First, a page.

A time to say thanks
TROY Rodham nearly didn't make it to his 28th birthday.
Yesterday the Mullaway-based music student came forward to thank the volunteers, emergency services and care workers who saved his life after a car accident near Woolgoolga five months ago.
Troy Rodham and Coffs Harbour police youth liaison officer Senior Constable Sue Kady were the guest speakers at Saturday's National Day of Thanksgiving service at Bethel Christian Centre.
Mr Rodham's car rolled over three times in the accident and left hin pinned under the car for more than two hours, although he remembers nothing after hitting the windscreen, which shattered.
He said he owed his survival to the skill and experience of the nurse who revived him; Woolgoolga fire and rescue services, who lifted the car off him; the ambulance squad and a trauma doctor from Coffs Harbour who ensured his heart was not stopped by the poisons which had accumulated in his lower body; and the hospital and rehabilitation staff who treated him and helped him learn to walk again.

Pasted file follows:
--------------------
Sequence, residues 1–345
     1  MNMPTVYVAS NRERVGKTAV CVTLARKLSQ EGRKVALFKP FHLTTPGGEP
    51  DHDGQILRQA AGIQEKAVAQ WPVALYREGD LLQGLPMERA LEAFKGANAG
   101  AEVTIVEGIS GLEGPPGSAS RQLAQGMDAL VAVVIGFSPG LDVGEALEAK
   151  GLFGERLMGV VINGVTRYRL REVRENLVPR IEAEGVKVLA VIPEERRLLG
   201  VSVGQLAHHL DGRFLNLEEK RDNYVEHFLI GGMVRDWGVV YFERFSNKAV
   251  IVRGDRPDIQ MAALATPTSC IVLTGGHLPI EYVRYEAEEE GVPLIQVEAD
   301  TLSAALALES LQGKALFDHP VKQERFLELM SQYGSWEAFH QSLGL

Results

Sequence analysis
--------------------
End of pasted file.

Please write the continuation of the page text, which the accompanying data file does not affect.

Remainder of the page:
Senior Constable Kady talked about Christian values in policing and legislation, and the difficulties police encountered having to act as social workers as well as law enforcement officers.
The National Day of Thanksgiving, introduced in 2004, this year is focused on the work of emergency services.
The Rev Di Skinner, president of the Coffs Harbour Ministers Fraternal, said about 75 people from a number of the emergency services had attended a special breakfast held on Saturday at Sawtell RSL Club to honour and thank emergency service workers.
The breakfast was also attended by Member for Cowper Luke Hartsuyker; Member for Coffs Harbour Andrew Fraser and Coffs Harbour mayor Cr Keith Rhoades.
The Ministers Fraternal is the Coffs Harbour organising body for the Day of Thanksgiving.
Rev Skinner said more people should come forward and say thank you for the help they received.